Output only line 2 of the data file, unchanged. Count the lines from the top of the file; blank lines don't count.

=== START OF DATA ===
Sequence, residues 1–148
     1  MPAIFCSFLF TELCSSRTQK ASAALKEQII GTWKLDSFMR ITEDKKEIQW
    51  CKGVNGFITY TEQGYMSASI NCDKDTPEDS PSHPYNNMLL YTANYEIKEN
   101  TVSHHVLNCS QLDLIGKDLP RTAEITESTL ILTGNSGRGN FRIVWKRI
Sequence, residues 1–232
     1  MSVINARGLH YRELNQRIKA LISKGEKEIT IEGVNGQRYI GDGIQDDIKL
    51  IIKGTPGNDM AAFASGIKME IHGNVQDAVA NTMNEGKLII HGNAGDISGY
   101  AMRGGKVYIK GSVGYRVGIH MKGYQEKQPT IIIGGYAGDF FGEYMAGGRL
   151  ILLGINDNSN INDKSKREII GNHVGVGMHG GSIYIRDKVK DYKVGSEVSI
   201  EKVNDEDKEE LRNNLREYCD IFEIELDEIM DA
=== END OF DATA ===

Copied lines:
     1  MPAIFCSFLF TELCSSRTQK ASAALKEQII GTWKLDSFMR ITEDKKEIQW